This is important (at least for me) to understanding a different way of thinking. So far as I am concerned, Christianity IS the Bible – there are no other sources or traditions that deserve to be placed on a level of theological and moral authority anywhere remotely close to it; the Bible alone is completely sufficient to "do" Christianity. Though the Qur'an is certainly the most famous element of Islam, it is not the only one, and equating Islam with the Qur'an misses the whole picture. (I actually suspect it would not be possible to practice Islam if all one had was the Qur'an.) To use my earlier metaphor, it would be similar to how equating Roman Catholicism with the Bible would egregiously miss the weight Catholics assign to church tradition. In this sense, Islam is more similar to Roman Catholicism (with it's immense array of human traditions in addition to the Bible) or Mormonism (with the Book of Mormon, Pearl of Great Price, etc., in addition to the Bible) than it is my conception of striving for Bible-only Christianity. To put it another way, "What Islam teaches" is more than just "What the Qur'an says." It includes other writing or traditions. And even once we recognize the full array of sources that constitute "What Islam teaches," we have to consider how other cultural factors can be at work in shaping how those who identify as Muslims actually practice their religion and what they actually believe.

All these caveats and qualifications are to say that merely reading the Qur'an may be necessary to help understand some aspects of the world of today, but reading it alone so is not sufficient to fully understand (and hopefully someday I'll delve into some of those other writings). Okay, the long-winded but hopefully helpful caveats are done.

I have repeatedly heard various talking heads – politicians, reporters, scholars – in the drive-by media attempt to paint Christianity and Islam as very similar, or even morally equivalent. As a Christian, I would have to say this is about as far from the truth as we can get. Yes, there are some elements of moral teaching in the Qur'an that appear similar to messages found in the Bible, but that doesn't make the Qur'an a morally good book, nor does that make it compatible with the Bible. Effective lies often make liberal use of truth, after all (as Paul puts it, Satan disguises himself as an angel of light).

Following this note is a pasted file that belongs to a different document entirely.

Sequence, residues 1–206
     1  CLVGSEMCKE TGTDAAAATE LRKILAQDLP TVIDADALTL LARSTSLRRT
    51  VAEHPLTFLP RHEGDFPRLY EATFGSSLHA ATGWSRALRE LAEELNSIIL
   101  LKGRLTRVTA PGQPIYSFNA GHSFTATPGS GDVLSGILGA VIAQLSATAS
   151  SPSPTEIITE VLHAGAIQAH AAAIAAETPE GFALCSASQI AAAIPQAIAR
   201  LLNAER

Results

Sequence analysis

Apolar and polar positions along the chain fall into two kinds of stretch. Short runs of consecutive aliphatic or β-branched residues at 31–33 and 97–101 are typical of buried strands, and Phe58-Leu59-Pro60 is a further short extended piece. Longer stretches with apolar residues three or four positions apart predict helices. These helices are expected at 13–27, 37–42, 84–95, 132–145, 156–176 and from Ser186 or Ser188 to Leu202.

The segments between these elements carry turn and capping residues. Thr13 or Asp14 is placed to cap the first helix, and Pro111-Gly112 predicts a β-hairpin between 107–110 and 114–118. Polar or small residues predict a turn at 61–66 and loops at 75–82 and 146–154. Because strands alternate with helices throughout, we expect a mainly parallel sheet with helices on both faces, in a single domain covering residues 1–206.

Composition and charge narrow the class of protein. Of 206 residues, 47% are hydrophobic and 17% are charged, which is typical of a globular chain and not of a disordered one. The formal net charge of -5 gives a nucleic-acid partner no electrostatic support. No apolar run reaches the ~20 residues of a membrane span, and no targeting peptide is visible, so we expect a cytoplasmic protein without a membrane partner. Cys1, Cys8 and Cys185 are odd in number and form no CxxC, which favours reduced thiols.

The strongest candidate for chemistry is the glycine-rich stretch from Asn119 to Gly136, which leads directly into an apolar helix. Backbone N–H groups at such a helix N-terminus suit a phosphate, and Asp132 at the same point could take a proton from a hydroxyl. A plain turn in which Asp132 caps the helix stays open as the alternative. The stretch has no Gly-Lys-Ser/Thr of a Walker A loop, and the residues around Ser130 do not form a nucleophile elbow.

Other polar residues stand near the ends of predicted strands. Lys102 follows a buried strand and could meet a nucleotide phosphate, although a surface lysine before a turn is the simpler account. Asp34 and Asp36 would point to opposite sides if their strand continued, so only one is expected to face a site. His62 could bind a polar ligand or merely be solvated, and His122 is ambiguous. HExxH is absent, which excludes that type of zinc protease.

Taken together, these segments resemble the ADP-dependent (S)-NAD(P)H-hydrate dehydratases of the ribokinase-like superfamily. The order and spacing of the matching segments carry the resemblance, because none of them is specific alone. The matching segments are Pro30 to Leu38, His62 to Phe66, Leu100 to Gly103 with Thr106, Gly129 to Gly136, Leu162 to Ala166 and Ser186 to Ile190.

It seems to me that Mohammed is the most successful false prophet in all of history. And it's worth remembering that the Bible has a lot to say – negatively – about false prophets. First, I want to draw attention to passages that really drive home how utterly incompatible and contradictory the Qur'an and the Bible are.

2.136 "So [you believers,] say, 'We believe in God and in what was sent down to us and what was given to Abraham, Ishmael, Isaac, Jacob, and the Tribes, and what was given to Moses, Jesus, and all the prophets by their Lord. We make no distinction between any of them, and we will devote ourselves to Him.'"

Yeah, see, making NO distinction between Jesus and all the other prophets is pretty unacceptable for a Christian.

3.59 "In God's eyes Jesus is just like Adam: He created from dust, said to him, 'Be,' and he was."

While Paul, in Romans, does present Jesus and Adam as parallels, he doesn't make them totally equal. This passage is highly incompatible with the Bible, such as the message of John 1 – Jesus was NOT created.